Back
Benefits
Members
Sponsors and Partner
Products
Test methods
Product certification
Inspection
Damage analysis
Conferences
Courses
Degrees
Online
In-house-training
SKZ Whitepaper
Material
Process
Metrology
Circular Economy
Digitalisation
Enabler projects
Quality policy
Certification procedure
Downloads
Our Mission
Locations
Career
News

Award for SKZ research project on self-lubricating plastic components

The Otto von Guericke Prize is awarded annually to research projects that are particularly innovative and of industrial benefit. In cooperation with the Fraunhofer IAP in Potsdam, the SKZ Plastics Center has developed plastics that can reduce friction and wear by up to 85 percent through the addition of lubricant microcapsules. The researchers have now been awarded a prize.

November 24, 2023
Preisverleihung Otto von Guericke-Preis

Moritz Grünewald (SKZ) and Dr. Alexandra Latnikova (Fraunhofer IAP) at the award ceremony of the Otto von Guericke Prize on November 15th, 2023 in Berlin. (Photo: AiF)

SKZ from Würzburg lands in the top 3 for the Otto von Guericke Prize 2023

Nearly a quarter of the world's energy consumption is due to friction alone. The development of innovative solutions, such as self-lubricating systems, is therefore highly relevant. Preliminary investigations have shown that friction and wear values can be reduced by using lubricant microcapsules in plastics. The capsules rupture under friction, resulting in self-lubrication. However, there was a complete lack of knowledge on the kg scale and on continuous, more industrially relevant processing methods in thermoplastics. The aim of this research project was to fill this gap in the transfer of basic knowledge into practice.

Lubricant-filled microcapsules incorporated into plastics at high temperatures
Dr. Alexandra Latnikova of the Fraunhofer Institute for Applied Polymer Research IAP in Potsdam, Germany, is developing lubricant-filled microcapsules that can be incorporated into plastics at temperatures of up to 260°C. "Lubricant microcapsules are 5 to 50 µm oil droplets coated with a very thin polymer shell," explains the Fraunhofer IAP researcher. "The project has shown that a wide variety of commercially available oils can be encapsulated and incorporated into the plastic like a powder," Latnikova continues.

Capsules are not destroyed
The SKZ investigated how these microcapsules can be incorporated into various engineering plastics (e.g. POM, PA6, PA6.6) and injection molded into components without destroying the capsules. Moritz Grünewald, researcher in the materials development group, points out: "In this project, we were able to produce plastic compounds on a kilogram scale and even incorporate additional reinforcing fibers without destroying the microcapsules during processing. Subsequent tribological tests showed a significant reduction in friction and wear of up to 85 percent in plastic-steel contact.

Ideal for plastics exposed to friction
The developed plastic is the ideal solution for components exposed to friction - including bearing components or slide rails. Self-lubricating systems are particularly advantageous for components that are not accessible from the outside. For example, gears in electronic components are one possible application. When a gear wheel fails due to wear, it usually means a total failure of the entire device. Here, development can help to significantly increase the service life of products and thus save valuable resources.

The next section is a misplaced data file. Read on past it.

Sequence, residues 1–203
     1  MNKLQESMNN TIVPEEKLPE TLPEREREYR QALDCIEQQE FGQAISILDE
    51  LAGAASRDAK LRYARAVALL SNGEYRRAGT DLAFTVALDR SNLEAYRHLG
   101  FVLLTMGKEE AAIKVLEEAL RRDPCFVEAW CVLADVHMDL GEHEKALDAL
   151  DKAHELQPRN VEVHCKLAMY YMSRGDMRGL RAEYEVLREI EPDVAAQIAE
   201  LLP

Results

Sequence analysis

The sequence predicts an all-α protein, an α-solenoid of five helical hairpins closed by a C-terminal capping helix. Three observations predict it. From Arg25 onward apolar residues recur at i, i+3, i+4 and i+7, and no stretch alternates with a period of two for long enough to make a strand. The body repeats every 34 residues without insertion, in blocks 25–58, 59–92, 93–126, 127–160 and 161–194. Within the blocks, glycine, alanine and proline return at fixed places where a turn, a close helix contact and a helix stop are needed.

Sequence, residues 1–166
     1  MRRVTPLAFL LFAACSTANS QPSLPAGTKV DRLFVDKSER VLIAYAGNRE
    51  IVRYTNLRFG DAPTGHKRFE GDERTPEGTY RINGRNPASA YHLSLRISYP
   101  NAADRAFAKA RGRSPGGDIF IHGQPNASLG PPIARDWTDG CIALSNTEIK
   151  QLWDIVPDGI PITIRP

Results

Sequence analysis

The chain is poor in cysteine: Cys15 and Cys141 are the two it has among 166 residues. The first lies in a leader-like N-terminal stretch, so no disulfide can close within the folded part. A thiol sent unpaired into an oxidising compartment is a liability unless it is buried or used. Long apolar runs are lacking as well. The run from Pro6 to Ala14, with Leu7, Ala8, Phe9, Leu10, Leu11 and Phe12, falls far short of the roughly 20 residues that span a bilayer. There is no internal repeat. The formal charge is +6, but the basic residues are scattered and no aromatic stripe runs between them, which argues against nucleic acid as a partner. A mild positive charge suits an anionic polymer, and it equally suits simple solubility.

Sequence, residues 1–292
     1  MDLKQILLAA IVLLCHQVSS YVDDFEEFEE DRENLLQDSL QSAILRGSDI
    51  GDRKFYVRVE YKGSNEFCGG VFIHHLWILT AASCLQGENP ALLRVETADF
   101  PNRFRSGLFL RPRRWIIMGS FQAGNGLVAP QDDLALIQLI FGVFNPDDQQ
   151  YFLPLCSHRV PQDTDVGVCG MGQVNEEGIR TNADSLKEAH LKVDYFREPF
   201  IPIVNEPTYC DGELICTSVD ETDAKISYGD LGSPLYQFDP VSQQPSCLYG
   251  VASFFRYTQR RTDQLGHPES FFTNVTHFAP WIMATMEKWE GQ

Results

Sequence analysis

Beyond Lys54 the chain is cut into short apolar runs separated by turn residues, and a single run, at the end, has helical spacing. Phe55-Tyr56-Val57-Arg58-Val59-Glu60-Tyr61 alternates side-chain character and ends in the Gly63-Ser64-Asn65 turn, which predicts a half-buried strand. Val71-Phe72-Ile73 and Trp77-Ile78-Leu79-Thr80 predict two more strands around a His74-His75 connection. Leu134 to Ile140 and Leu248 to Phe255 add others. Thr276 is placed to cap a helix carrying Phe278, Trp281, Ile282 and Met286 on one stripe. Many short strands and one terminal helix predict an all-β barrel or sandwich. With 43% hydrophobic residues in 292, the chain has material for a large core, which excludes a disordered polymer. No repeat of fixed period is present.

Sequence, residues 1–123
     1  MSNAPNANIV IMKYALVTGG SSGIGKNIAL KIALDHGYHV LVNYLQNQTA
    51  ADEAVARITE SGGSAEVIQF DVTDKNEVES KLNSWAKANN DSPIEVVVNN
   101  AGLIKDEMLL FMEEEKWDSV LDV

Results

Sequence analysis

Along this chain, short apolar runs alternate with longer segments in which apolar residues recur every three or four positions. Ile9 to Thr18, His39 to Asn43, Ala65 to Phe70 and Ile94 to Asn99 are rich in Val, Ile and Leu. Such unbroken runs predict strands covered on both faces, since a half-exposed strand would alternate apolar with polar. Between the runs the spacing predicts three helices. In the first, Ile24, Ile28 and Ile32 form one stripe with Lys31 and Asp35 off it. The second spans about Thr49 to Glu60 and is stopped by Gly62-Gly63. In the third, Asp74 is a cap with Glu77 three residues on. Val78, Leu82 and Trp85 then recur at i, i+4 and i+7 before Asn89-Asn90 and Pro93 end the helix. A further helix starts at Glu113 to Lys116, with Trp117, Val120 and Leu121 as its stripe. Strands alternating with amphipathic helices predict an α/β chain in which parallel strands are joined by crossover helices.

PFAS-Free Alternative
PTFE is currently incorporated into plastics as an internal lubricant to reduce friction. In comparative tribological analyses, plastic/PTFE compounds have shown higher friction and wear values. In addition, PTFE belongs to the group of per- and polyfluorinated chemicals (PFAS), which are considered to be particularly harmful to health and the environment and could therefore be restricted in their use. Lubricant microcapsules offer a PFAS-free alternative.

"Real benefits for society"
These scientific findings convinced the jury of the Otto von Guericke Prize, which awarded the project a place in the top 3 of this year's research projects. In addition to scientific innovation, the jury also looks for high practical relevance. The project (IGF 21707 BG) was funded within the framework of the Industrial Collective Research (IGF) with the participation of 26 companies. The participating companies came from the entire value chain and tested the materials in an application-oriented environment. SKZ CEO Prof. Martin Bastian praised the award-winning research project: "In science, we talk about breakthrough innovations. Such leap innovations are what the economy and SMEs need. They would make it possible to overcome energy crises or even the climate crisis. "This project is therefore a prime example of pre-competitive research that creates real benefits for our society," Bastian continued. The award ceremony for the project took place in Berlin and was attended by representatives from the worlds of science, business and politics.

To learn more about the research project, watch a four-minute movie

Learn more about SKZ Materials Development

Learn more about Fraunhofer IAP

Show all news

Contact Person:

Moritz Grünewald
Scientist Materials Development and Testing
Würzburg
m.gruenewald@skz.de

Ihr Browser ist veraltet

Für das beste Nutzererlebnis auf unserer Webseite empfehlen wir die Verwendung eines aktuellen Webbrowsers. Bitte aktualisieren Sie Ihren Browser, um alle Funktionen störungsfrei verwenden zu können.